Archive for the Perspective Category

A look back to the Olympics

Posted in Perspective with tags , , on March 2, 2010 by akila004

Growing up in Europe, watching the Olympics has always been a tradition. We could watch sports that were never broadcasted on TV, and even if we had no idea what these sports were all about, we would all stand behind our country’s team and cheer for them. I loved it!

Well, this year was no different. I looked at the schedule a week before the beginning of the Games and was stoked to know that there was no time difference, so no worries about missing something. I was ready to cheer for all my friends participating in the Olympics. But it ended up being more of a frustration than an enjoyment. As all of you probably noticed, there was barely any event shown live, and when NBC started to show the Olympics, at like 7pm I think, all the events were being mixed up, not giving me a chance to see one event in its entirety. And just when you think you could count on the Internet to follow the events live, well, no luck there either, all websites showing the Olympics Live were not working.

Of course, this problem comes back to NBC making its $200 million investment back. Yes, $200 million. When you see this number you can’t even imagine how much a network would charge its advertisers for this 2-week period. So basically, that was the only solution for them: previously record the events and show them later with the usual 5-minute commercial break every 20 minutes. What is even more frustrating to me is to see that ratings went up 17% since the Torino Games. And we are talking about ratings of viewership of events where we already knew who won.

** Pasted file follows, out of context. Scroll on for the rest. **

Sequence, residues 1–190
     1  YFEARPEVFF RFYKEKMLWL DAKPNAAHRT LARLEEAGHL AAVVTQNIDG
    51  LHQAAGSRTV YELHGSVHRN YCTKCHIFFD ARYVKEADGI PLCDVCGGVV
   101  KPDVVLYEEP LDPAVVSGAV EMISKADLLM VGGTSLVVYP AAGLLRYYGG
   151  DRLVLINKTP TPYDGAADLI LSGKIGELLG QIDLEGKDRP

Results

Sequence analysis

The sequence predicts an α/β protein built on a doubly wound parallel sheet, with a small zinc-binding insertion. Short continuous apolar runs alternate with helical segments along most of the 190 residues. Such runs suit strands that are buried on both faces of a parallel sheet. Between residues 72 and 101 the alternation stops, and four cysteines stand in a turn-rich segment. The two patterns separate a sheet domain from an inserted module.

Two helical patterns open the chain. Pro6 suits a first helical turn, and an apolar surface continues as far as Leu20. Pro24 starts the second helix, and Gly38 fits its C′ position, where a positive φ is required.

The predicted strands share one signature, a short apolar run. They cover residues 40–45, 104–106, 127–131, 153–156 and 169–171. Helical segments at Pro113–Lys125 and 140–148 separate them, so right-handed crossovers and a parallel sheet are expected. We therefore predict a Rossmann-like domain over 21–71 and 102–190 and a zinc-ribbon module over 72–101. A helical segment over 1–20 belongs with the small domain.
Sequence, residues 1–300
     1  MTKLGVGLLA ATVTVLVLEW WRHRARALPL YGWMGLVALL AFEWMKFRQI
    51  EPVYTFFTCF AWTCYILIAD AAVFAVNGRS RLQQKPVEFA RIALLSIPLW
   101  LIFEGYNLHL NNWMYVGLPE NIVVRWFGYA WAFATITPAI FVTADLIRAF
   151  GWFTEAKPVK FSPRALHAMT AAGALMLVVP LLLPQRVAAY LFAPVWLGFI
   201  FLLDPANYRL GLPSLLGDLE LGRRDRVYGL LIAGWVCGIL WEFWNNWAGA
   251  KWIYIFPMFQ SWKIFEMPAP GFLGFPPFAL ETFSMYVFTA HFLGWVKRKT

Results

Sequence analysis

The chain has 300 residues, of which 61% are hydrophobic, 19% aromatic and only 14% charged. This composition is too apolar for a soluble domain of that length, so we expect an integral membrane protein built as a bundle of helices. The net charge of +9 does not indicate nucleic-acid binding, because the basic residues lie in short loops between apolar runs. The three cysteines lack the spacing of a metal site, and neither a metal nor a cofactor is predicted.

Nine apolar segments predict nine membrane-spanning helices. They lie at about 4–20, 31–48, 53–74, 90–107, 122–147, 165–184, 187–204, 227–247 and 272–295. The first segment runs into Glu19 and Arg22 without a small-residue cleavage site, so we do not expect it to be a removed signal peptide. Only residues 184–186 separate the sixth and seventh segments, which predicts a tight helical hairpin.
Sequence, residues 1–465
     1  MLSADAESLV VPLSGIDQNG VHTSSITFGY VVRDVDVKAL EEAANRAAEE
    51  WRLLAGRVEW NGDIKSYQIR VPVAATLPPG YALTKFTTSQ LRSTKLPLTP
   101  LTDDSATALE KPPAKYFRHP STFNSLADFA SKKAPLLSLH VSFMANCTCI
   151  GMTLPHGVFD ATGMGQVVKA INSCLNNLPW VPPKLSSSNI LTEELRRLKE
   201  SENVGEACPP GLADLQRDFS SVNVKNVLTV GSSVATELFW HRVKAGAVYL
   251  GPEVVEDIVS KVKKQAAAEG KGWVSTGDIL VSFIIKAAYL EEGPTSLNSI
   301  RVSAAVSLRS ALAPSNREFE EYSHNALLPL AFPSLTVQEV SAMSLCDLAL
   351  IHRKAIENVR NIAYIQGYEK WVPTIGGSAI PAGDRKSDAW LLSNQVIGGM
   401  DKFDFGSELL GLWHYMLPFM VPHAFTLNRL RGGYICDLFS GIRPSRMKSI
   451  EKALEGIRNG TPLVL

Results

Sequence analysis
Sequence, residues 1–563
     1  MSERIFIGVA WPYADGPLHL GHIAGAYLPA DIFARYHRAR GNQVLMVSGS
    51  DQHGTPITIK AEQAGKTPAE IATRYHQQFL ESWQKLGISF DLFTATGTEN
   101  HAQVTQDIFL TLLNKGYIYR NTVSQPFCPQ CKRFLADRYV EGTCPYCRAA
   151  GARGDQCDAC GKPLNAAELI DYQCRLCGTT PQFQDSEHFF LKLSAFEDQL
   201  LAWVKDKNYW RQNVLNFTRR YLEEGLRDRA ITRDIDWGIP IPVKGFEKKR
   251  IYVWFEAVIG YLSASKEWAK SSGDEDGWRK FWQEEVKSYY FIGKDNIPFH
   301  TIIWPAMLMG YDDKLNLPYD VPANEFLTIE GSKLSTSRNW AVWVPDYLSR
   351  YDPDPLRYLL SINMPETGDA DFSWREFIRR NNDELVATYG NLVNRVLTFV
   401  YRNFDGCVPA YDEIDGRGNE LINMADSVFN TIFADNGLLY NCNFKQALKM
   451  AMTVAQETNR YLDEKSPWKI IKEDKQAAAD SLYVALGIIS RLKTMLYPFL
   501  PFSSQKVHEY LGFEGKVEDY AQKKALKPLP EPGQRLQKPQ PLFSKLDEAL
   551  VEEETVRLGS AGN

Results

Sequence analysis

If you’re like me, and got frustrated for not being able to see you relatives/friends, etc. competing Live, here is an interesting article I just read this morning. It doesn’t seem like it’s going to change for the next games!

– CG

Is this the way to market women snowboarding?

Posted in Perspective with tags , , , , on February 10, 2010 by akila004

Sex sells. Even though I don’t really like it, It’s a fact and women have to deal with it . But this morning, when I read TW Biz newsletter about the new SI Winter swimsuit issue featuring 2 female snowboarders of the US Team, and after I checked it out, I really wondered if there shouldn’t be some limits.

Check out the link for more info: http://sportsillustrated.cnn.com/2010_swimsuit/winter/

I think it is great that woman snowboarding is being promoted in mainstream media especially right before the most publicized sporting event in the world. But should have it gone this far? Because, seriously, when you are done browsing the gallery, you are more wondering whether this is a joke or what the hell Hannah Teter, Claire Bidez and their sponsors were thinking about when they decided to go for it.

From the sponsors’ perspective, I guess, this is the perfect scenario for product placement. You can see a Burton beanie here and there, a snowboard with bunch of stickers on it, etc.

And for these girls, they are no longer a nobody, they are becoming these “sexy” snowboard chicks. I think the idea is good originally, showing that female snowboarders can go big, but also be sexy. But whoa, when you look at every single photo, you wonder if this type of athlete’s publicity is good for the sport. And I don’t think so. It gives a completely wrong representation of what snowboarding is. There are limits to what you can publish when you try to sell using “sex”, and in this particular case, too many pictures of HT and CB were I think too ridiculous for giving a good impression.